When I posted my backlog of Switzerland photos earlier in the year, I mentioned that we had another Swiss trip planned. Last weekend we were in Basel for a few days, and this time I’ve turned the photos around in record time.
After hanging onto an 8GB iPhone 4 way beyond the point of practicality, I finally have a new one (a 256GB iPhone 7, only a few years behind the curve), which means I can finally take properly decent photos when I’m out without a camera—like the sunsets over the Meadows on my ride home from work at this time of year.
If you can’t make it to the rally on Saturday, chip in to the student coach fund.
Zooming in on Trump’s notorious 2016 taco-bowl photo shows an open desk drawer full of boxes of UK-sourced Sudafed, lending weight to the claims of a former Apprentice staffer that Trump “ate UK Sudafed like candy” and a whole lot more.
Debbie Harry suspects she had a near miss with Ted Bundy. Imagine if some psycho had cost us “Heart of Glass”.
This photo from New Norfolk on our way out to the West Coast in July didn’t fit in the relevant gallery, but I wanted to post it somewhere, as like the West Coast itself it’s a madeleine for my childhood. It’s a Ford Falcon, or “chook tin” as my mates called ’em (they’re fowl-cans, geddit?), from 1972 or thereabouts. Whadda bewdy.
Mouseover that beast and you’ll see another that I photographed at Forcett in 2005. This one isn’t a Ford, or a Holden that I can tell—it looks like a 1960 Chevrolet, but might be something else from that year or a year either side. Which means it wasn’t as old when I photographed it as that Falcon in New Norfolk was in July. My mate had a Holden EH ute that seemed ancient when he bought it in the mid-1980s but was only half the age of either of these at the time. Now they’re disappearing fast, with a few hanging on in places like rural Tasmania. EJs to ashes, doomed to rust.
Now I’m missing my 1976 Toyota Corona Mark II.
After eleven new galleries at Detail, and additions to a few more, I’ve finally finished with the photos from our summer (winter) holiday in Australia. The last pieces of the puzzle were the photos from the flights themselves, where I sat in the window seats so that the kids could take turns in the aisle. They provided a dozen-ish additions to Window Seat, which you can find at the end of that gallery, or by jumping to the first additional photo and clicking through the rest. They needed a bit of cropping and balancing, especially the ones from Dubai to cut through the dust and smog, but include the best aerial shots I’ve ever taken of Canberra and a great string of images from the approach to Hobart, which on a good day is one of the most beautiful landings in the world.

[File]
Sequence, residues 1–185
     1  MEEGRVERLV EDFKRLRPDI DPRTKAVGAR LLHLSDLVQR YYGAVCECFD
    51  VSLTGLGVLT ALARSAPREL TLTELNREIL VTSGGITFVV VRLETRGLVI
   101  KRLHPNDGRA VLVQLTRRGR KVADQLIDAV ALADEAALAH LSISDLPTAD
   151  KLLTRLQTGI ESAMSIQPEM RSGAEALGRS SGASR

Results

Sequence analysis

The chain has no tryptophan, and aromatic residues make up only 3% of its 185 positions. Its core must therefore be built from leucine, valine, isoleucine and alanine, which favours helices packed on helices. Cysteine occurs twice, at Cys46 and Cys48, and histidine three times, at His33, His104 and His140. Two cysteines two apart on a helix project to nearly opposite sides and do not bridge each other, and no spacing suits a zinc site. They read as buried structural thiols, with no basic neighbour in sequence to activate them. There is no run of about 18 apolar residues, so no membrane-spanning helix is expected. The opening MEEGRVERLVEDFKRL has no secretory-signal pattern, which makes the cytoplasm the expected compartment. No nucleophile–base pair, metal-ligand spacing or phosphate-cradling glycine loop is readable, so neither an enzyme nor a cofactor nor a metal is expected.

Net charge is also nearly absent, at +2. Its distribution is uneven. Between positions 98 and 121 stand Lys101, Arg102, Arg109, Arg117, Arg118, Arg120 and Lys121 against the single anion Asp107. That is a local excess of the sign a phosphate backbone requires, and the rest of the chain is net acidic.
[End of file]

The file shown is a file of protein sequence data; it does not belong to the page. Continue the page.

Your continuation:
Our last few days in Australia in August didn’t yield many photos without the kids in them, but you can see a handful of them by treading clicking on the snake.
Earlier in the year I made a series of new galleries of the Tasman peninsula for Detail, catching up on a four-year backlog and five trips out there to see my folks. A year after my last visit, I was out there again in July and August with the kids, and this time took them to the most significant tourist attraction on the peninsula, indeed in the entire state: the convict settlement of Port Arthur.
Camping trips were a regular feature of my childhood, our family bundling into the Landy to drive all day to a distant site by some deserted Tasmanian beach. My first memories are of camping, and my first photographs feature camping trips to Tasmania’s northeast and far south. But the place I associate most with those endless summers is the West Coast.
A Glaswegian Twitter-user has posted an excellent thread reviewing every national parliament or congress building in the world, the kind of thing Twitter was made for. He courted controversy early on by bagging the Australian federal parliament, which I loved (as well as the old one) when I lived in Canberra in the 1990s. Its 1980s interiors remind me of my youth, and feature some impressive tapestries, and the flagpole towering over the hill makes a great visual shorthand for Australian cartoonists. The building’s confident modernism was a good match for the Australia of the late 1980s and early 1990s—the one that all went to pot in 1996 (cf. UK architecture of the late-1990s and early-2000s). I was dismayed when they fenced off the grass running over the top of the building, as it was so fundamental to the concept and the experience of the place. I haven’t seen it since that was done, and am not looking forward to seeing the fence in person.
Boris Johnson wrote in his letter yesterday to Jean-Claude Juncker that “the proposed ‘backstop’ is a bridge to nowhere, and a new way forward must be found”. If Johnson is an expert on anything he’s an expert on bridges to nowhere.
Ian Dunt excoriates Johnson’s Brexit plan. There’s a lot of presumption in the media today that every MP who ever wanted some sort of deal will want this deal, which isn’t even a possible deal unless the EU agrees to it. The Brexit steering group of the European Parliament aren’t having any of it. The EU is preparing for life without us.
The Festival of Brexit seems to come sooner and sooner every year. Here are some limericks to celebrate Boris Johnson’s latest proposal, which is sure to win support from the EU, MPs, Leavers and Remainers alike, and isn’t at all designed to fail so that he can blame everyone except himself.